# What is an interesting fact about pi?

## What is an interesting fact about pi?

Pi is the most studied number in mathematics, and for good reason. The number pi is integral to our understanding of geometry. Pi has uses in physics, astronomy, and mathematics. Pi is used in architecture and construction as well, and has been a vital part of everything from arches and bridges to the Pyramids of Giza.

How old is the number pi?

4000 years
Pi (π) has been known for almost 4000 years—but even if we calculated the number of seconds in those 4000 years and calculated π to that number of places, we would still only be approximating its actual value.

What’s the formula for pi?

The formula for the value of pi is the ratio of the circumference of a circle to its diameter. In the ratio form, it is π = Circumference/Diameter.

### How do you get pi math?

In some ways Pi (π) is a really straightforward number – calculating Pi simply involves taking any circle and dividing its circumference by its diameter.

What do you need to know about Pi?

Pi π is an irrational constant. Which means, this can not be expressed as a fraction. Pi is denoted by the Greek letter π and is defined as the ratio of the circumference to diameter of a regular circle. In other words, the ratio which is made by the circumference and diameter of a unit radius circle, is 1 pi (π).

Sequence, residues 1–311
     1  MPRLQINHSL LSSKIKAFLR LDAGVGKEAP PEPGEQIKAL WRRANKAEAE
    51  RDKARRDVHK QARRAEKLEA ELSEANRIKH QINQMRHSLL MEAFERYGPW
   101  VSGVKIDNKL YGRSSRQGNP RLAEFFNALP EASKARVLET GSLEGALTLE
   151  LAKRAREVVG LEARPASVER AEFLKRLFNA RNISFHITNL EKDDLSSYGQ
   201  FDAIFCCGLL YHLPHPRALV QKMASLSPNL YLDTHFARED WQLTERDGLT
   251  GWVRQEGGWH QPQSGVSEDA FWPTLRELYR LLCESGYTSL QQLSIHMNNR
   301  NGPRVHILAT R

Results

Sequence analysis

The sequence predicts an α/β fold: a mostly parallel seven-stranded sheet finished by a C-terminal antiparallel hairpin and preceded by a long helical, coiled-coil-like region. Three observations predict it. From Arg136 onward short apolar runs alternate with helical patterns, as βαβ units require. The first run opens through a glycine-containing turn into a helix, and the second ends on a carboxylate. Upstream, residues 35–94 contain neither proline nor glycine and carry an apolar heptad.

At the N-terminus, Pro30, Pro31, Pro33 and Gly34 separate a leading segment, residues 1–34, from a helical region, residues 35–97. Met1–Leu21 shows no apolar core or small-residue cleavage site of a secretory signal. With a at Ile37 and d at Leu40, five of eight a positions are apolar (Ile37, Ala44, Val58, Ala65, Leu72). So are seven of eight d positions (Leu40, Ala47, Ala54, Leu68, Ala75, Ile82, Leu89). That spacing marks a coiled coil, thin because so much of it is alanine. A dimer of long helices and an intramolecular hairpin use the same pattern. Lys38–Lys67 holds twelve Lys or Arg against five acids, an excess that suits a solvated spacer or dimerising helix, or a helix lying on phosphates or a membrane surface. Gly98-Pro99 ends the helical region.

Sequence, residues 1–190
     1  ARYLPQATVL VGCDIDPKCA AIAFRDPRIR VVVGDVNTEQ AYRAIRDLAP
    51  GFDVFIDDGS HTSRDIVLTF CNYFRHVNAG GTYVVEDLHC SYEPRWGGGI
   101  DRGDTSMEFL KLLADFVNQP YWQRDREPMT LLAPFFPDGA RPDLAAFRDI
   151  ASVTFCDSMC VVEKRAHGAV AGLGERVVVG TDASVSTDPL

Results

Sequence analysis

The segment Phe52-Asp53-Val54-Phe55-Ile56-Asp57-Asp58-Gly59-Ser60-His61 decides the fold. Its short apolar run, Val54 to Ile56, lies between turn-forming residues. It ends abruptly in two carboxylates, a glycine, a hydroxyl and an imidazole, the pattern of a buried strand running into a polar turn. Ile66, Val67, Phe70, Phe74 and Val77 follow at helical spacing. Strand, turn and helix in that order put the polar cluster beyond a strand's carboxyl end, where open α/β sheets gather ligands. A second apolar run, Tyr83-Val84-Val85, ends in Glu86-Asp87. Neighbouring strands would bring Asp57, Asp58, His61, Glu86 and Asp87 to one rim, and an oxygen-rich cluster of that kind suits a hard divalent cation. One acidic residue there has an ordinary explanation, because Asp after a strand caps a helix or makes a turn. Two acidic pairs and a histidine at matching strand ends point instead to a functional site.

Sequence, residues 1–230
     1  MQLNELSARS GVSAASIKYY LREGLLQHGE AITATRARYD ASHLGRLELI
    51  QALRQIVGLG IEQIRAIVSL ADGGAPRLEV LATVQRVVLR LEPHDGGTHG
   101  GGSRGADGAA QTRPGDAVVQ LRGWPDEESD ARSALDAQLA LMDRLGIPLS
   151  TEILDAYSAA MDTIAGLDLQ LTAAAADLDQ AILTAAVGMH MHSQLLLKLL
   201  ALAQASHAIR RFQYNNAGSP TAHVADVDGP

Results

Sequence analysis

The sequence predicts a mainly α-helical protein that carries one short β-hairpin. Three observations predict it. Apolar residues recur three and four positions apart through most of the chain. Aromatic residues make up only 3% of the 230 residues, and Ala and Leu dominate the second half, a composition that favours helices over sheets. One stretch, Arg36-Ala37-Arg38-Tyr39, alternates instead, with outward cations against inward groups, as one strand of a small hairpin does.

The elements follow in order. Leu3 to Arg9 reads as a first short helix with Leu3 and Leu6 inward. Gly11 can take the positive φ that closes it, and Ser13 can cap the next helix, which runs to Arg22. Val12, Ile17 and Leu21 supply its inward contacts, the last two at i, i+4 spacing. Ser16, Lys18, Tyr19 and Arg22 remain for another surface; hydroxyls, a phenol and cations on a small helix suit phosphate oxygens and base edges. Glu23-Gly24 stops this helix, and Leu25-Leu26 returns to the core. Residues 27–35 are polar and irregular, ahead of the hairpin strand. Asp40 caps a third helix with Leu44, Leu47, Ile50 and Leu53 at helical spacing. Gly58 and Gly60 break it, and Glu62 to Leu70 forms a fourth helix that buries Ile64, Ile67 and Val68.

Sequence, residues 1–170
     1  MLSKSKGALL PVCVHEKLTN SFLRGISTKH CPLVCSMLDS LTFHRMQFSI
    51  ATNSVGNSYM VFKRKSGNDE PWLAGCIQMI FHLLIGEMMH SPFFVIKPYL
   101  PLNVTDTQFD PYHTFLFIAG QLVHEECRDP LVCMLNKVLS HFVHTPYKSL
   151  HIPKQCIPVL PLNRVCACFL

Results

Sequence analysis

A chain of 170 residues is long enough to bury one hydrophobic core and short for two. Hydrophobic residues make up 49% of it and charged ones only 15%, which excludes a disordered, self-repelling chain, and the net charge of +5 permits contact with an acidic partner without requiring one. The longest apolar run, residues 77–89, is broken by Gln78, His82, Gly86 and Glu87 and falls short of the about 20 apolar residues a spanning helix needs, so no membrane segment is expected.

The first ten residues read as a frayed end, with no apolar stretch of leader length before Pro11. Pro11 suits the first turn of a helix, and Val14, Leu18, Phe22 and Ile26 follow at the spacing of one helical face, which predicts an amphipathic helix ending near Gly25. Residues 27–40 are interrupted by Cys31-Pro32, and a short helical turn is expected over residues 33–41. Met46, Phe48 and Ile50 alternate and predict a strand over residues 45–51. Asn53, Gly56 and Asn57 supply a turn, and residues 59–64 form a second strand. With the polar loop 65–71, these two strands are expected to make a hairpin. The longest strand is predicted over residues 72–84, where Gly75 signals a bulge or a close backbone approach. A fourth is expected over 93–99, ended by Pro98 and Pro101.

What was the value of Pi in ancient times?

Here’s a brief history of finding pi. The ancient Babylonians calculated the area of a circle by taking 3 times the square of its radius, which gave a value of pi = 3. One Babylonian tablet (ca. 1900–1680 BC) indicates a value of 3.125 for pi, which is a closer approximation.

#### Why do we have Pi Day in school?

Pi Day provides the perfect excuse for incorporating math and geometry into all aspects of the school day. Pi is the circumference of a circle (the distance around the circle) divided by its diameter (the distance across).

Who was the first person to calculate pi?

The first calculation of π was done by Archimedes of Syracuse (287–212 BC), one of the greatest mathematicians of the ancient world.